Musician Biographies » Stevie Wonder » The World in Darkness - Miracle Baby, His Own Way Of Seeing, Detroit And Change, Using Sound To See The World

The World in Darkness - Using Sound To See The World

stevie spoons people blind

When Stevie was seven years old, a doctor explained his blindness to him. Up until that time, Stevie thought that other people banged into furniture less than he did because they were older. They knew where tables and furniture were placed, and he needed to learn this, too. Stevie was wrong, of course. He soon realized that he would always need to be careful about how and where he walked.

Fun Fact!

When Stevie was two years old, his favorite instrument was the spoons. He used to hold the spoons and hit them against his leg. He began to use the spoons as drumsticks, and went around the house hitting everything.

Stevie understood sound much better by this time. He used sound to help him do things. He taught himself how sound could tell him where objects were and how far away he was from these objects. This method is called sonar. Stevie would call out and listen for an echo. The echo from his voice bounced off a nearby object. Stevie knew how far away an object was by the sound of the echo. Everyone has this ability, but sighted people don't need to use it. Blind people, however, train themselves to use their sonar. All blind children develop this sense between the ages of one and three.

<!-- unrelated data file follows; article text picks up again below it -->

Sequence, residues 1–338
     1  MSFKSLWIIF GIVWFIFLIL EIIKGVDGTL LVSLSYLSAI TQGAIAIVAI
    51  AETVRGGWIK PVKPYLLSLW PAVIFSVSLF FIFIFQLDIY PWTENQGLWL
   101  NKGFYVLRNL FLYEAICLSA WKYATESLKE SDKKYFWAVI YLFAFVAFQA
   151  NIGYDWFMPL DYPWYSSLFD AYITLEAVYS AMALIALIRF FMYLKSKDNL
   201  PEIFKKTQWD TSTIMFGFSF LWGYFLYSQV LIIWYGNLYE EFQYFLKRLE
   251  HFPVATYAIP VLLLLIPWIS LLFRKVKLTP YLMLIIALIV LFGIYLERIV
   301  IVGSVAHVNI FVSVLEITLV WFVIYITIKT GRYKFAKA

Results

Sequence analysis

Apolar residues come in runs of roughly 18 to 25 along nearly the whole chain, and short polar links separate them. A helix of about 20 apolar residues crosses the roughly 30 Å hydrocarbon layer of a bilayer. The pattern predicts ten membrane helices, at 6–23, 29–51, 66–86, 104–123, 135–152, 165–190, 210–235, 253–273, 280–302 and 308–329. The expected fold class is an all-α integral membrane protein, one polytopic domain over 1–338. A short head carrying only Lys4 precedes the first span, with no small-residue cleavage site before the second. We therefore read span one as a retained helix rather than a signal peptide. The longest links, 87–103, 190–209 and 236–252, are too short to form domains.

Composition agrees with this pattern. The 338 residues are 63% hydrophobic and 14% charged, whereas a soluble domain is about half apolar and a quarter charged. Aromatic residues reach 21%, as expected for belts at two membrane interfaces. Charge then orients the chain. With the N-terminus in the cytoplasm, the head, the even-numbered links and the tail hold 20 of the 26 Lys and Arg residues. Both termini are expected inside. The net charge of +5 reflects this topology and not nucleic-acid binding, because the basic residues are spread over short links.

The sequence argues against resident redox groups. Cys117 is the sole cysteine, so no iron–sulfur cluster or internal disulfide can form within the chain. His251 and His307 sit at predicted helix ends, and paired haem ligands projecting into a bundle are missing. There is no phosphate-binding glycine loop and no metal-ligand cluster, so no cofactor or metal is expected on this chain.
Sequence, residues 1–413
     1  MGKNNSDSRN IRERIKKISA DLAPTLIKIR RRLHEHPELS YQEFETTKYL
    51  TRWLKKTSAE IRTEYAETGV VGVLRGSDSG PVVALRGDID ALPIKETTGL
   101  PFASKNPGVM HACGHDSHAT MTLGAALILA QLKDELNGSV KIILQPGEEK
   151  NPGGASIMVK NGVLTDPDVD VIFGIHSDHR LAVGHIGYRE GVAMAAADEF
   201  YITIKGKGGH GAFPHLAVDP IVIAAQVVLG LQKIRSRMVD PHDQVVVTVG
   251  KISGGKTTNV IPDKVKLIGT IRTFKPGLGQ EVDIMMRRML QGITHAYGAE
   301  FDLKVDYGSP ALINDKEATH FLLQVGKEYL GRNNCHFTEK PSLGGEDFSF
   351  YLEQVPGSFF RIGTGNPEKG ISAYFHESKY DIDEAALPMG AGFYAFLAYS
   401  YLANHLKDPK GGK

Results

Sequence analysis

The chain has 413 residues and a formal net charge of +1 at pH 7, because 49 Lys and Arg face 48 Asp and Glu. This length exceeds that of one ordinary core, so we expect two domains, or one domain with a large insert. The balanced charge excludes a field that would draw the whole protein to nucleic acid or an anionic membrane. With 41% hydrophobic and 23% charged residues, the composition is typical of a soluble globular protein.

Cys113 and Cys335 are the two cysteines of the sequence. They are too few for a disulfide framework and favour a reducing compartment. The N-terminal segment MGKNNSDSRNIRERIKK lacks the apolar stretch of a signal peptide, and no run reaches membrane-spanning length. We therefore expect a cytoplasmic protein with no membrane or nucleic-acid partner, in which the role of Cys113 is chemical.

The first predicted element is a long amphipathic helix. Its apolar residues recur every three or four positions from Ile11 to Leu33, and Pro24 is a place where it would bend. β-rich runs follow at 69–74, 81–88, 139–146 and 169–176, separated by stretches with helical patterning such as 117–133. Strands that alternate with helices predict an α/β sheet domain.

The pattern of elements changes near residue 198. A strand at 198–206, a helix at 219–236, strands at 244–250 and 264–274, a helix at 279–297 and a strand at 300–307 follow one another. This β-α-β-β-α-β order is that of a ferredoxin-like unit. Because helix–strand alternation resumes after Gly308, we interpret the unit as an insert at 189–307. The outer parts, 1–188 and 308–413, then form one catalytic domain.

Using sound and touch, Stevie now easily moved around the house. He began to play outside with his brothers. Calvin and Milton knew that Stevie could not see with his eyes like they could. Stevie, however, used his hands and the sounds coming to him from all around to move about freely. Stevie began to climb trees and ride a bicycle (with someone holding the handlebars to steer). Like any child, Stevie took chances. His blindness did little to hold him back from playing with his brothers and friends. Their favorite game was to jump from one woodshed roof to another. Calvin and Milton judged the distance by sight, of course. Stevie crouched at the edge of one roof and called out. His voice sounded different depending on how far away the next roof was.

“I know it used to worry my mother,” Stevie remembered of his childhood games, “and I know she prayed for me to have sight someday, and so finally I just told her that I was happy being blind, and I thought it was a gift from God, and I think she felt better after that.”

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